“It’s an accelerated 15-month clinical program that enables teacher candidates to work clinically with students during 11 of those months,” said Mary Ford, Interim Dean in the School of Education at SNHU. “They are [working] in supervised clinical experiences learning the craft and skill of teaching as well as monitoring the learning progress of their K-12 students.”
Our educator preparation community lost one of its strongest advocates for teacher quality on Friday, September 14, when Frank B. Murray passed away after a sudden illness. He was 79.
Frank played a vital role in advancing national accreditation in educator preparation. He was the founding president of the Teacher Education Accreditation Council (TEAC) and served as chair of its board of directors and for the Council for the Accreditation of Educator Preparation (CAEP). He also worked closely with AACTE as editor of The Teacher Educator’s Handbook and a leader of the Holmes Partnership. He served in various capacities on the editorial boards of several journals in developmental and educational psychology and was a fellow in the American Psychological Association, the American Psychological Society, and the American Educational Research Association.
Do you know a deserving individual who has contributed greatly to the profession of teacher preparation? Submit a nomination today for an annual AACTE professional achievement award. Nominations are open through October 10.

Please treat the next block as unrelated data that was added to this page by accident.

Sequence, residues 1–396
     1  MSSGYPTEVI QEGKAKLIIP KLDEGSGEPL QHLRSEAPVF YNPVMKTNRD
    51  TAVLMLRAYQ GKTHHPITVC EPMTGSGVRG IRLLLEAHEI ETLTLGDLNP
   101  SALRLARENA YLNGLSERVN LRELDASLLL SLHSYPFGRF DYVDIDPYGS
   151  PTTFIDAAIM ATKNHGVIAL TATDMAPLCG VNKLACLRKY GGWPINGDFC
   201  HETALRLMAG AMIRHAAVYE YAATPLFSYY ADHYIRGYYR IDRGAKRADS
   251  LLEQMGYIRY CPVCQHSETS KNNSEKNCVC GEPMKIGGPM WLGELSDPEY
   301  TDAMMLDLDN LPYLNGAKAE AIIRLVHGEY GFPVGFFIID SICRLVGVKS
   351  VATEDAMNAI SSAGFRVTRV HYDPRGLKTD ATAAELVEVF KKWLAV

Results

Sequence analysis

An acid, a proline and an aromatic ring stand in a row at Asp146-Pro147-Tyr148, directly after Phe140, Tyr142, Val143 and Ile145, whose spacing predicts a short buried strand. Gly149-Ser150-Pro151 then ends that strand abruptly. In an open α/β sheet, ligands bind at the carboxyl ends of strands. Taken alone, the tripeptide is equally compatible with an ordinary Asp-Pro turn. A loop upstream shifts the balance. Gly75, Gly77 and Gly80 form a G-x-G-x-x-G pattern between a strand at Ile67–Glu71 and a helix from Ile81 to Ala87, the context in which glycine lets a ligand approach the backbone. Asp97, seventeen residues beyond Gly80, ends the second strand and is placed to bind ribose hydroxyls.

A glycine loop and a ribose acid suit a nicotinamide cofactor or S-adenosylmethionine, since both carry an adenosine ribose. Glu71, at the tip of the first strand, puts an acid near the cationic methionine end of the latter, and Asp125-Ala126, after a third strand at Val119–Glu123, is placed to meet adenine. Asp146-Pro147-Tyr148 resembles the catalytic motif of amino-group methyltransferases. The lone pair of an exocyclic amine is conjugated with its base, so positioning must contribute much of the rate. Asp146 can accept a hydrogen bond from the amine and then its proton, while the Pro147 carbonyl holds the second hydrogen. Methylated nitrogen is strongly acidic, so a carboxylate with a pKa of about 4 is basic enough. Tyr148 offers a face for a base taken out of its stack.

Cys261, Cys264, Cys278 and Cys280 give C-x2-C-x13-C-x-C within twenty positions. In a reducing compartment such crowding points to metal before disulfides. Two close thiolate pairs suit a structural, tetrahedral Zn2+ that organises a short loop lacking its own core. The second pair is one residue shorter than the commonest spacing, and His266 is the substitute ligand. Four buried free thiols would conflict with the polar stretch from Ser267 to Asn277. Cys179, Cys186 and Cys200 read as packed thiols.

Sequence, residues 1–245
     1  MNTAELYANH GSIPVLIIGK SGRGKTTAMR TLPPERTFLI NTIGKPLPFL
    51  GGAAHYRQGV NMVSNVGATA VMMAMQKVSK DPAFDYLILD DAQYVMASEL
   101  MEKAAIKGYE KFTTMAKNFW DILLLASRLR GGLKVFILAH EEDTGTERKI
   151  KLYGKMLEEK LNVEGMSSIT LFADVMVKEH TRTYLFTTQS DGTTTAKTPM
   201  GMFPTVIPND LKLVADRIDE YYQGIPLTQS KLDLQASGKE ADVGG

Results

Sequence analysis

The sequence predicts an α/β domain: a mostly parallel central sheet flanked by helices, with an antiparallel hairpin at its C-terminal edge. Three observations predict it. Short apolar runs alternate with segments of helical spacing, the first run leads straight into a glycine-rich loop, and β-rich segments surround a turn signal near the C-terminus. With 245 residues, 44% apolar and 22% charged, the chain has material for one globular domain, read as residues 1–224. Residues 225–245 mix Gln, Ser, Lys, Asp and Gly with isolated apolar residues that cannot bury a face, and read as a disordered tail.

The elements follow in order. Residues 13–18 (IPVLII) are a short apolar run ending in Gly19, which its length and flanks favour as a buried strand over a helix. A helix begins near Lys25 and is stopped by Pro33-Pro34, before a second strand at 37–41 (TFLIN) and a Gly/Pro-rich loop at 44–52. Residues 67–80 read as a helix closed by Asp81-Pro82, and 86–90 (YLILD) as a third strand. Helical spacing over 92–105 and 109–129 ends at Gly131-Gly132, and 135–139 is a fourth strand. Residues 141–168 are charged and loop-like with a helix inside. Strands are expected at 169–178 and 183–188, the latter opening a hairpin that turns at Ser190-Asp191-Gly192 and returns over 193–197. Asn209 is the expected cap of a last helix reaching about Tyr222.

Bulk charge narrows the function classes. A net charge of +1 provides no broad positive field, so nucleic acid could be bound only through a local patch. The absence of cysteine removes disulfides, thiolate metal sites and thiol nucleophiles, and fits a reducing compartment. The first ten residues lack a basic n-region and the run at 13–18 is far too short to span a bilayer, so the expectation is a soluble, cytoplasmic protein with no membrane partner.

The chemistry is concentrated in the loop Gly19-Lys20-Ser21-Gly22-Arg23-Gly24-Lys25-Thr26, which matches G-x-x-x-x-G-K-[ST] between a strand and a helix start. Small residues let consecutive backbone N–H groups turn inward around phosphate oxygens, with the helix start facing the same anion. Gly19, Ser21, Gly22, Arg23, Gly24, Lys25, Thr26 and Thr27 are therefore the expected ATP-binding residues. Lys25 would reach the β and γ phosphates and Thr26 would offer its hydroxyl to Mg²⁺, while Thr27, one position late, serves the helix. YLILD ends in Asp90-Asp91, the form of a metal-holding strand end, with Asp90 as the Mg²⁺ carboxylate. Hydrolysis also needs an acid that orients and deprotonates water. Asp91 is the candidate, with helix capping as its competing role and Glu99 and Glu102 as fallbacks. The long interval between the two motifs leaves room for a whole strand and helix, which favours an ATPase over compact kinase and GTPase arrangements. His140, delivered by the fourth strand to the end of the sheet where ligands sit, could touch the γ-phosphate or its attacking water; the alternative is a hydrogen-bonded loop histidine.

The AACTE Committee on Professional Preparation and Accountability looks forward to receiving your nominations for the following three awards:
Greetings, colleagues. We are honored and excited to be co-chairing AACTE’s Strategic Planning Task Force. The task force is charged with creating a plan to guide AACTE’s activities through 2022. We had our first meeting on September 12, and we will be working hard over the next several months to produce a final plan in time for the 2019 Annual Meeting in Louisville.
We are embarking on this effort at a pivotal moment in the Association’s history. Colleges, schools, and departments of education have fewer resources to spend on representation and professional development, and there are more competitors for those scarce resources. AACTE has to constantly demonstrate its value and rapidly evolve to meet the changing needs of our profession.